Dr. Craig Meets Dr. Zach
Kevin Harris, whom most of you will remember as the teacher of the "Faith and Reason" apologetics class at the First Baptist Church of Colleyville, has been working professionally with William Lane Craig for some time now as the host and producer of Dr. Craig's new podcast, "Reasonable Faith." Not surprisingly, this arrangment has brought Dr. Craig to Dallas for recording sessions, and he was kind enough to give a presentation to Kevin's class.
I was present at his invited talk, serving dual roles as the audio/visual recorder, as well as the unofficial atheist questioner. I'll provide a brief synopsis of his presentation, and include a few of the questions that I posed to him.
The topic was the Moral Argument for the Existence of God, which he formalizes thusly:
- If God does not exist, then there are no objective moral values and duties.
- There are objective moral values and duties.
- Therefore God exists.
The entirety of his presentation was concerned with establishing the veracity of the first two premises. He was careful to explicitly define the word "objective" as "independent of people's opinions," as well as to point out that he was not arguing that non-Christians or atheists could NOT be moral, only that their respective worldviews (presumably naturalism) was not consistent with the concept of objective values and duties. Craig claimed that naturalism teaches that only those entities which are required by scientific theories exist, and since no scientific theory requires the existence of objective morals, no naturalist can claim them. Further, although many atheists adopt a humanistic approach to ethics, this is foundationally premature, since its presupposition that human well-being is the fundamental moral value is arbitrary and implausible given a naturalistic worldview. Thus, humanistic atheists stubbornly insist in a moral reality that is contradicted by their metaphysics.
I was somewhat unsure of whether Dr. Craig's definition of objective moral values as independent of one's opinion was also mean to exclude the opinion of God, so I asked the following question:
Dr. Craig then, after eviscerating naturalism's claim to objective moral values, turned to defend theism's own claim to the very same. Citing Euthyphro's Dilemma, Craig argued that instead of being forced to choose between God's recognition of a higher morality or the arbitrary moral certitude of divine commands, Christians could be certain that God's own nature was the actual source of and standard for objective moral values. Thus, only by appealing to the very nature of a personal God can anyone justify the existence of such values.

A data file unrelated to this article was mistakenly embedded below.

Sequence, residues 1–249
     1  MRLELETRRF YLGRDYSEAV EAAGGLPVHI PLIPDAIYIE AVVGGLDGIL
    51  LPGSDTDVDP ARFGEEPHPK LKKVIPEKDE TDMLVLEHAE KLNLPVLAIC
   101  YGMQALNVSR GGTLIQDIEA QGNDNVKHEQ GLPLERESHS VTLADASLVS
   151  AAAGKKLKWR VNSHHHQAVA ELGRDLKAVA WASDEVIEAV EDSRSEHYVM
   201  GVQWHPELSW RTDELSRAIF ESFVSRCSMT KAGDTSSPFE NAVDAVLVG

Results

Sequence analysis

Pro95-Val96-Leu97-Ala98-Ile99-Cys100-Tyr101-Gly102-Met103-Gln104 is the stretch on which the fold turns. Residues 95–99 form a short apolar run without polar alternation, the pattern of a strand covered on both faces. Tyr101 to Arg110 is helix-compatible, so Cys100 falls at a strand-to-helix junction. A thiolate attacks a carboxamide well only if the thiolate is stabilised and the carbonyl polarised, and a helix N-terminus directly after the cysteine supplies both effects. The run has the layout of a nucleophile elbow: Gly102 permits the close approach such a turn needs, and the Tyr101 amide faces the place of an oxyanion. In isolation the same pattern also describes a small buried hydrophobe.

I wondered if simply appealing to God's nature was sufficient to avoid the Dilemma entirely, so I asked the following question:
After having shown that while atheism could not justify the existence of objective moral values, but Christianity could. Dr. Craig then moved on to the second premise, which he had initially thought would be the most contentious, but actually turned out to be widely accepted, even by atheists.
Therefore, following from the truth of the first and second premise, we can accept the conclusion that God exists. According to Dr. Craig, this is the most effective argument for the existence of God against unbelievers, although his favorite argument remains the Kalam Cosmological Argument. Essentially, since one of the most fundemantal aspects of everyone's life is to be as objectively morally good as possible, we can be certain that there is a God.
However, I thought that there might yet be a problem with the ability of Christians to be certain in their interpretation of these objective moral values, and so I asked the following question:
After the presentation, Kevin introduced me to Dr. Craig and I got a chance to talk to him on a more individual basis. I had heard from John Loftus that at some point he had been asked what his response would be if he was taken back in time to 33 CE Palestine on Easter morning, and upon looking inside Joseph of Arimathea's tomb he found it to not be empty, but to still contain the decaying corpse of Jesus. According to this account, Dr. Craig had said that he would still hold true to his Christian faith, even in the face of this contradictory evidence. What he told me was slightly different- while acknowledging that an occupied tomb on Easter morning would be a refutation of his Christian faith, Dr. Craig argued that based on the inner witness of the Holy Spirit, he would be forced to conclude that the tomb was not actually Jesus', or that the corpse belonged to someone else, or another explanation that was not threatening to Christianity. Essentially, he claimed that his experience of the Holy Spirit was epistemologically primary, and any other empirical evidence shown to him would have to conform to that Chrisitan foundation.